Mississippi Gov. Tate Reeves has recently received criticism for his handling of the coronavirus crisis after having initially refused to shut down nonessential businesses in his state, a decision he reversed a day later.
Now, as the world continues to suffer under a global pandemic, Reeves has been working really hard… declaring a “Confederate Heritage Month.”
The HuffPost reports that two days after he finally issued a statewide “shelter-in-place” order which included the shutting down of nonessential businesses, Reeves decided to take the time to officially proclaim April as the month to honor the soldiers who fought for the Confederacy during the Civil War.
“April is the month when, in 1861, the American Civil War began between the Confederate and Union armies, reportedly the costliest and deadliest war ever fought on American soil and whereas state law declares the last Monday of April as Confederate Memorial Day, a legal holiday to honor those who served in the Confederacy,” the proclamation reads.
According to Jackson Free Press, Reeves has a history with pro-Confederate organizations.
In July 2013, then-Lt. Gov. Reeves spoke at the group’s national reunion in Vicksburg. With a massive Confederate flag behind him and decorative arrangements of cotton on either side, Reeves “congratulated the SCV for keeping history alive for our youth,” an SCV blogger later recalled. Other speakers at the reunion defended the Confederate “cause,” recast notoriously racist slaveholders as heroes, and one even compared “the Yankees” to “the Nazis.”
HuffPost reported last year that Reeves was a member of the Kappa Alpha Order at Millsaps College in Jackson, Miss. The fraternity has heralded Gen. Robert E. Lee as a spiritual leader and is known for its Confederate displays which have put them at odds with the black students on campus.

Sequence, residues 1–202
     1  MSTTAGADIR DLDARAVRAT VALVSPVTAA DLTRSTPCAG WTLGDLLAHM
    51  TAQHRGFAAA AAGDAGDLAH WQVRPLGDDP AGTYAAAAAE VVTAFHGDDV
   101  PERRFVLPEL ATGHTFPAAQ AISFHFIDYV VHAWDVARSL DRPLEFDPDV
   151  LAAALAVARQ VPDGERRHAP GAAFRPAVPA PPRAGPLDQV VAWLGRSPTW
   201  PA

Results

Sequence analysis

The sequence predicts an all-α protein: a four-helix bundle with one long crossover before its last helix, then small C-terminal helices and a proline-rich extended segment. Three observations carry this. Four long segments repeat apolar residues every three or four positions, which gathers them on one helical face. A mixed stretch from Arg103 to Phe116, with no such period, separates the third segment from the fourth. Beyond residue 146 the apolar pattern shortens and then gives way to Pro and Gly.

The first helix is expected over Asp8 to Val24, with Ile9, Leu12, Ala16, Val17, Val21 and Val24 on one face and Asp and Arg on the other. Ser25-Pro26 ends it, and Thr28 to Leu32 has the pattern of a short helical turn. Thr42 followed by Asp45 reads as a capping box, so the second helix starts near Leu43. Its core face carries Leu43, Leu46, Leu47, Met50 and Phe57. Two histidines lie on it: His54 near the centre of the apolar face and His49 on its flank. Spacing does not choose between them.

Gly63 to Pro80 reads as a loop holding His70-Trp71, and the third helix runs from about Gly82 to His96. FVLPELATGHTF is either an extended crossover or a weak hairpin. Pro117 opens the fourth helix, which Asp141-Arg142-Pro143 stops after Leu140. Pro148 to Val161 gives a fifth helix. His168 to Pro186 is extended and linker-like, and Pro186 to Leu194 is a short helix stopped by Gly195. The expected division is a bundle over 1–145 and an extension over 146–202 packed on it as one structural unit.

In 2016, former Mississippi Gov. Phil Bryant signed a similar proclamation like Reeves’ which was posted on the website of the Sons of Confederate Veterans, a group Bryant has been an open member of for some time.
The difference between the two proclamations lies in the language. Bryant’s proclamation begins, “April is the month when the Confederate states began and ended a four-year struggle,” while Reeves’ simply acknowledges when the war began without any specific mention as to who started it.
“As we honor all who lost their lives in this war, it is important for all Americans to reflect upon our nation’s past, to gain insight from our mistakes and successes…,” Reeves’ proclamation reads.
But if it’s really only meant to commemorate the war itself and not either side of the conflict specifically, then why not call it “Civil War” month? By designating it “Confederate Heritage Month,” Reeves makes it clear which side he wishes to honor.
In 2019, Bryant ultimately decided to declare April “Unity Month” instead of “Confederate Heritage Month” at the request of Unite Mississippi, a nonprofit organization that focuses on racial and social reconciliation among Christians in Mississippi.
Reeves should have taken a page from Bryant’s book on that—or maybe just get back to focusing on seeing Mississippi through this global health crisis. I believe it’s called “priorities.”